Motivational speaker and founder of social media campaign Join the Revolution, Jessica Smith was born without the lower part of her left arm and suffered major burns to 13% of her body when she was only 18 months old, Jessica learned to embrace adversity from an early age. Now using her experiences to inspire and encourage others, Jessica works tirelessly to promote positive body image, and candidly shares her experiences as an elite athlete who competed in the 2004 Athens Paralympic Games while privately battling depression and eating disorders.
Recently awarded Emerging Leader at the Australian Government Positive Body Image Awards, Jessica is challenging Australia to Join the Revolution and promote positive body image. Natalie Candarakis caught up with Jessica to discuss how she embraced adversity, her social media campaign and the lessons she has learned along her squiggly journey.
What was the catalyst for you in recognising that you needed to change your body image?
After struggling with depression and eating disorders, desperately trying to feel connected to a society that places so much emphasis on physical appearance, I literally hit rock-bottom both physically and emotionally in my early twenties. I realised that my frantic desire to change who I was, thinking it would make me happy, was in actual fact the exact desire that was destroying my life.
What is the first step to overcoming negative body image?
For me personally, it was recognising that I actually had a problem. For too many years I lived in denial, convincing myself that I was a strong and confident woman, however that wasn’t true at all. Once I allowed myself to be honest and admit that I was struggling with low self esteem and negative body image, I essentially allowed myself to take the first step in the recovery journey.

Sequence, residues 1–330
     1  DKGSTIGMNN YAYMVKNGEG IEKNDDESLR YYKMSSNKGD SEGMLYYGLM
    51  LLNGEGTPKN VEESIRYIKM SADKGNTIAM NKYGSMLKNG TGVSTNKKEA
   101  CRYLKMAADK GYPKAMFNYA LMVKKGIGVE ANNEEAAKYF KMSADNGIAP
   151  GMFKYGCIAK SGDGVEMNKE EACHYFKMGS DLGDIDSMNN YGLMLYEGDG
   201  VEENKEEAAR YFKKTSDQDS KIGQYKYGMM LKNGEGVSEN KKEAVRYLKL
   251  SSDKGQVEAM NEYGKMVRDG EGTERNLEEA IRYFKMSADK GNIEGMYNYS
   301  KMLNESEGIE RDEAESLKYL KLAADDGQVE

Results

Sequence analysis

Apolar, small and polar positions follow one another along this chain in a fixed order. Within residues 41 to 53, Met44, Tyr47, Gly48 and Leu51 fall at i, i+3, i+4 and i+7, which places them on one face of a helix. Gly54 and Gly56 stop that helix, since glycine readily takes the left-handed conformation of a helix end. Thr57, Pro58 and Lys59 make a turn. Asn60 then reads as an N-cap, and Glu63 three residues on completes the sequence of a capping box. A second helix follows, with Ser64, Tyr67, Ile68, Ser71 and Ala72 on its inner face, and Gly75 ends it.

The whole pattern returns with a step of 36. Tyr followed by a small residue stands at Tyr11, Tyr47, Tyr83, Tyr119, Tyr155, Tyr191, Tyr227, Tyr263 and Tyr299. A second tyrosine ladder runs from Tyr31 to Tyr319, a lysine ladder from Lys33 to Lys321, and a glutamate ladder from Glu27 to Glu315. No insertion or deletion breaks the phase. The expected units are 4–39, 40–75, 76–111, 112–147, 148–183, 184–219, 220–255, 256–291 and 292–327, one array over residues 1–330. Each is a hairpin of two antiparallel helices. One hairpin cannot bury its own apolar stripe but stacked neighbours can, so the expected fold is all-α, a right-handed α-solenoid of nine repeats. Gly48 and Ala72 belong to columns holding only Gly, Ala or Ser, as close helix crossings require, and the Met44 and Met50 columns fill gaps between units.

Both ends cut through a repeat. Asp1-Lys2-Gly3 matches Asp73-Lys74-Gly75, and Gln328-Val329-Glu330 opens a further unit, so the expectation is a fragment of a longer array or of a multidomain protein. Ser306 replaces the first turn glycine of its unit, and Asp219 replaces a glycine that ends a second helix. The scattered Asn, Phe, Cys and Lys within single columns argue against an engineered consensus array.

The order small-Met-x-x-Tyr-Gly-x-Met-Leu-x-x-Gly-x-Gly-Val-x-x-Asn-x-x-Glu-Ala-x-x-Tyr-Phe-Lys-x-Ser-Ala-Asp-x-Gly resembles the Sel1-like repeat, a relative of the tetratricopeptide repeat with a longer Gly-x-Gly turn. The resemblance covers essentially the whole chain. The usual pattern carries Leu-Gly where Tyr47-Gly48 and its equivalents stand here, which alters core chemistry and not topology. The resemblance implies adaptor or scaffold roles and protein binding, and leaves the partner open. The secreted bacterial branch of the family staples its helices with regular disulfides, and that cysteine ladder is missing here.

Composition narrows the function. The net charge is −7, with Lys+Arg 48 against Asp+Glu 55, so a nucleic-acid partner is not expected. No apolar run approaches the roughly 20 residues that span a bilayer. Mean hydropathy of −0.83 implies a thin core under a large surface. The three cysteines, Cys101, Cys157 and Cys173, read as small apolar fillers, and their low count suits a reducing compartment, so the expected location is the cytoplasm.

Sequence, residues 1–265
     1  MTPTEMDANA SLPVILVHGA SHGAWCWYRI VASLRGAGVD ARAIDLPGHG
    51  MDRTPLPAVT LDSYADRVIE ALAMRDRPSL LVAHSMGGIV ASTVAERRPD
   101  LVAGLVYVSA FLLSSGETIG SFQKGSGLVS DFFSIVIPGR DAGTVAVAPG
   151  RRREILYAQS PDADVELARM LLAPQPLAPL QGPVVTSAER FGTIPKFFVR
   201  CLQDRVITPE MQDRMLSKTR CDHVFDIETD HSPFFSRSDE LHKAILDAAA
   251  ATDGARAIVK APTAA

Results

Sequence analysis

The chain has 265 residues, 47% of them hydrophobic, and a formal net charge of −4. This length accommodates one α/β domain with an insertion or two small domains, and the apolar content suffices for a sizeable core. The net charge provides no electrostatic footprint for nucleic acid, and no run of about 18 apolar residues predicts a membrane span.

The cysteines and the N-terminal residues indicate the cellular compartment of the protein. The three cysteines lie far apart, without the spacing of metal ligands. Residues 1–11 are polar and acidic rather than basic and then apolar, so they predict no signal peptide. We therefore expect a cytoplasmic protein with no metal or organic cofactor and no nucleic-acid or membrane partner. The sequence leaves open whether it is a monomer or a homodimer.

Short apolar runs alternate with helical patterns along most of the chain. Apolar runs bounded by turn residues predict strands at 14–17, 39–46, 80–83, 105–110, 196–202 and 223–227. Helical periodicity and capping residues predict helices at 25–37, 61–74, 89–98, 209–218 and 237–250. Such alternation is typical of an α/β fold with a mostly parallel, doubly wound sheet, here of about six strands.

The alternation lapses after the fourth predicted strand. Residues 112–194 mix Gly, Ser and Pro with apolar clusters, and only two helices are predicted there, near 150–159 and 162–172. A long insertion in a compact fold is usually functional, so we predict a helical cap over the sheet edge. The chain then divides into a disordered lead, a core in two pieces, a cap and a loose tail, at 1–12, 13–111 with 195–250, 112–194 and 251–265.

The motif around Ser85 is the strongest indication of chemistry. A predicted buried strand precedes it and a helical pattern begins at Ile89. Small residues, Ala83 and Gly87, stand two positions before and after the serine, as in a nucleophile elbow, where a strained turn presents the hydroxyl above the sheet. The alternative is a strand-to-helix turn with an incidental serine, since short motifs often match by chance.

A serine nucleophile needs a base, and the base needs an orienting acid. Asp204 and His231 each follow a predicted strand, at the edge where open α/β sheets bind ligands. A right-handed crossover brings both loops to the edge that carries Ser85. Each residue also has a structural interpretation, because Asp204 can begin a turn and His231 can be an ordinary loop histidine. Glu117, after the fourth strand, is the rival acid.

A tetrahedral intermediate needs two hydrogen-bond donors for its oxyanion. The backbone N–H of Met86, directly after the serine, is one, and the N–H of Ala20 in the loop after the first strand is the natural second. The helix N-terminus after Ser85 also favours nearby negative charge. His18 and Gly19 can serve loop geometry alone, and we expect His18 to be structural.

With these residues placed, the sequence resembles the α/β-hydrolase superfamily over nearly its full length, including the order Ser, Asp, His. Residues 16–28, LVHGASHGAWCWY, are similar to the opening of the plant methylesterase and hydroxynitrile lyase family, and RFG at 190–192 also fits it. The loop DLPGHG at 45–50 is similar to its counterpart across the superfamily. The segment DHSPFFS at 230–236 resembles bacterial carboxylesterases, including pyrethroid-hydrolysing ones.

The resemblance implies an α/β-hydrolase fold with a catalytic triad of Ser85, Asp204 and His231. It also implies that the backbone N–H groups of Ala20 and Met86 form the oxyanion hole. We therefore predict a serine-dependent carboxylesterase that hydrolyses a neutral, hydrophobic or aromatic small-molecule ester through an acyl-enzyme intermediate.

What are the top three things being a Paralympian taught you?
You overcame adversity and have become a very big advocate for positive body image, what organisations or companies share your vision?
I prefer to say that I have embraced adversity rather than overcome it… and for that reason I feel that I have a responsibility to be a voice for others and advocate for an issue that affects us all. There are so many wonderful initiatives at the moment, which is so exciting to see. I have had the privilege of working with various organisation as a speaker or consultant, but two in particular are aligned with my message;
I am currently as Ambassador for The Butterfly Foundation – Australia’s largest not-for-profit organisation which aims to support people suffering with eating disorders and their loved ones.
I was also awarded a grant in 2013 through the Layne Beachley ‘Aim For The Stars Foundation’. Layne and her team have created a community of females who are empowered and, despite varying challenges, are proving to the rest of society that there are no limitations when it comes to achieving your goals!
What are your hopes for the next generation of women?
I hope that future generations of women can learn to appreciate the significance of empowering each other. Unfortunately, we seem to be our own worst enemies. We ridicule ourselves and each other, when really we need to truthfully be supporting one another. When it comes to body image it is my wish that women know they don’t have to be the picture of beauty, health, confidence to stand up for uplifting truth about female worth, health and potential. You just have to BELIEVE it. Women are capable of so much, your reflection doesn’t define your worth so don’t be afraid to show that! Show it in your words, how you talk to yourself and other women, and show it in your actions! Be an example for other women; older generations and future generations can all learn from one another.